JUST MERCY, US, 2019. Starring Michael B. Jordan, Brie Larson, Jamie Foxx, Tim Blake Nelson, Rafe Spall, Robert Morgan, O'Shea Jackson Jr. Directed by Destin Daniel Cretton. 137 minutes. Rated M (Mature themes).
Justice and mercy have met, proclaims the Psalm. This is certainly not the case in Alabama in the late 1980s, early 1990s. In fact, instead of justice, there are many travesties of justice. This is especially the case for prisoners on Death Row.
Just Mercy is a very interesting film, an exploration of the justice system, an expose of the injustices, campaigns for true justice – and a powerful argument against capital punishment.
It is based on a true story, the life’s work of campaigner, Bryan Stevenson, a young African American from a poor family in Delaware, who experienced the unjust murder of his grandfather, was educated at Harvard and did an internship in Alabama in the mid-1980s, encountering men on Death Row. On graduation, he packed his bags, his mother very afraid of the dangers for a black man in the south, and drove to Monroeville, Alabama, the home of Harper Lee, the home of that most exemplary of American lawyers, Atticus Finch.
Bryan Stevenson was a man on a mission (and, it should be said about his dedication and success that he is still on that mission after 30 years). With the help of a local assistant, Eva (Brie Larson) is able to set up an office, initially rejected, and has the names of six prisoners whom he wants to interview, hostility interrogated by the guard at the prison, humiliatingly strip-searched, treated with some suspicion by the authorities.
The principal focus of this story is on one of the inmates, Walter McMillian (a strong performance by Jamie Foxx) who was put on death row even before his trial, a man with solid alibis, held up on the road by hostile police, targeted by an even more hostile sheriff, found guilty on the most unreliable testimony of alleged witnesses. McMillian is against any help but Bryan Stevenson goes to visit his family. He takes on the case, confronting the local DA (Rafe Spall) who is racist and under the influence of the sheriff (with the final credits informing us that the sheriff was re-elected for 30 years, until 2019)..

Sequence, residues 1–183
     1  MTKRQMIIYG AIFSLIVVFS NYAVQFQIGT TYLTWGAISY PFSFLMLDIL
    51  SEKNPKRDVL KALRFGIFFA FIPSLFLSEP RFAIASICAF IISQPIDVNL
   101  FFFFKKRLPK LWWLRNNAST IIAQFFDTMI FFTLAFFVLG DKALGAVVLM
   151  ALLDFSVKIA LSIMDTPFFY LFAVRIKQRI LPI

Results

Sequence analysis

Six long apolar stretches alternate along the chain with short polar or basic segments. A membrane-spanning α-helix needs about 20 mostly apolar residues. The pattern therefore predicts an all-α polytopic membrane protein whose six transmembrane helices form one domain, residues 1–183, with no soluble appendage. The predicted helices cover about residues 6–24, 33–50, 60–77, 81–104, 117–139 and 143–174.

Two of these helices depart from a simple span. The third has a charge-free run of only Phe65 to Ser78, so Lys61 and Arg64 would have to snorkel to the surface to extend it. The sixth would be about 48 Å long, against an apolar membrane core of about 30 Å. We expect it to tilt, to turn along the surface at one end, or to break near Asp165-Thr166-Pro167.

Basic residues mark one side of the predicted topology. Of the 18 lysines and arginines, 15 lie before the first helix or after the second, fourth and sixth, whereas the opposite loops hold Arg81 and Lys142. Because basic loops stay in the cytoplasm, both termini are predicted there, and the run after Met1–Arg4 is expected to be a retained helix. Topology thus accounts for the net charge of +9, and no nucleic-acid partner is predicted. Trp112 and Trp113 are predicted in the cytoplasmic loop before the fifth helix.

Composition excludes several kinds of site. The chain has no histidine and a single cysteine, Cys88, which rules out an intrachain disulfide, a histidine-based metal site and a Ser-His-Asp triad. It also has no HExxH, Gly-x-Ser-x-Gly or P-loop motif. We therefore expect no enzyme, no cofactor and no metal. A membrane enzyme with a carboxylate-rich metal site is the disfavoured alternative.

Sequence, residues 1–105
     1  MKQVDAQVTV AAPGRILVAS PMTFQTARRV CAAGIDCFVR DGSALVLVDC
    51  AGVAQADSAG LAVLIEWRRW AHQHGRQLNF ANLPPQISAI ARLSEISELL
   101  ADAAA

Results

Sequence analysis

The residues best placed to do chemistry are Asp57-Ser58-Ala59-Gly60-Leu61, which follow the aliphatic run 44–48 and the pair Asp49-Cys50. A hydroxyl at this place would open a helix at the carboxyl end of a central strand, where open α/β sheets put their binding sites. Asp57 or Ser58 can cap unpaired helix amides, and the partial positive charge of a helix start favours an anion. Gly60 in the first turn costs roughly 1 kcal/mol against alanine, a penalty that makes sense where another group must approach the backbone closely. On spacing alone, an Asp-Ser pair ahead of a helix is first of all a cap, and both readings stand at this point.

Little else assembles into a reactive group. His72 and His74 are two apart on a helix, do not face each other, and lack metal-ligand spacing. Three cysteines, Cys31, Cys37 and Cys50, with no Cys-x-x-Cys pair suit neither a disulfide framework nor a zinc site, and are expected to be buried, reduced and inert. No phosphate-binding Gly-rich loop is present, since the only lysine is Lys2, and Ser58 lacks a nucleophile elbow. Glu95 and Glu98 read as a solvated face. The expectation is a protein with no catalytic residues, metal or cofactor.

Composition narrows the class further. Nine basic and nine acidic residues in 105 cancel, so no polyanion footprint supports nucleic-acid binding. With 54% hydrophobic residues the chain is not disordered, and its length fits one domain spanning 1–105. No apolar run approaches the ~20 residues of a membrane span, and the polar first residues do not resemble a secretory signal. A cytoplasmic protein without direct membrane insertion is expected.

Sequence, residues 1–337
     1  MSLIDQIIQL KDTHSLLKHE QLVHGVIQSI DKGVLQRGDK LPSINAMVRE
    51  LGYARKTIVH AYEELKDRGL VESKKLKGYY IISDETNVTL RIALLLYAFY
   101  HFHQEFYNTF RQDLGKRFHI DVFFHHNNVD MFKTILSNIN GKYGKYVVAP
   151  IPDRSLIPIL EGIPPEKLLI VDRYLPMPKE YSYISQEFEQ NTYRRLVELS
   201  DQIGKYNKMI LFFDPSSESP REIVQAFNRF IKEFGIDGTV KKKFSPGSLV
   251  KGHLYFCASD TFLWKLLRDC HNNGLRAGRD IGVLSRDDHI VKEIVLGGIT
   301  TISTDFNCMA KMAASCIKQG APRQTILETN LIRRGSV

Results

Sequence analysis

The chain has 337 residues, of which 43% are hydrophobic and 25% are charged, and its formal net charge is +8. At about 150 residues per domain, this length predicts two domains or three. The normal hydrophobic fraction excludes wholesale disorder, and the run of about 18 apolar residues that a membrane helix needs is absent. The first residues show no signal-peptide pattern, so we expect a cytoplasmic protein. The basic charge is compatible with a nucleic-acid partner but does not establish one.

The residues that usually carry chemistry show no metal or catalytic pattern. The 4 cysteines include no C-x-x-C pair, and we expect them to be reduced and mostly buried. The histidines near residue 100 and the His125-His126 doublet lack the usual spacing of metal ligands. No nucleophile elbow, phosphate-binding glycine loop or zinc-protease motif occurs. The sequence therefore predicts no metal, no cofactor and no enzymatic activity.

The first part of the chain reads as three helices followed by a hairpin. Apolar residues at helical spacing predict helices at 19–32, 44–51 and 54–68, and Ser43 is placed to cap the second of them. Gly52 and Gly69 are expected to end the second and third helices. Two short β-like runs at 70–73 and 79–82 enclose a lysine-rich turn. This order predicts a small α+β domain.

Which makes the plot interesting in terms of detection, investigation, potential witnesses, the confrontation with the main witness (an excellent cameo from Tim Blake Nelson), hopes, judicial frustrations, appeals to good nature and true justice.
There is a moving subplot with another prisoner, Herbert Richardson (Robert Morgan), a Vietnam veteran with PTSD who created and planted a bomb which killed a woman, is repentant, hopes for a stay of execution which is not granted. The film’s audience goes into the execution was Bryan Stevenson, a jolting experience to watch.
Bryan Stevenson is played by Michael B.Jordan who has emerged as a strong heroic character in recent films (Fruitvale Station, the Creed films). Here he is required to be 100% sincere and heroic, which he is.
As with so many films these days, there are photos of the main protagonists, further information about the characters, but a fine tribute to Bryan Stevenson and his dedication. There is an epilogue with Brian and Walter McMillian testifying to Congress.
There is a fine phrase at the end of the film: there is a place for “Unmerited Grace” in our lives.
Roadshow Released January 30th
Peter Malone MSC is an Associate of the Australian Catholic Office for Film and Broadcasting.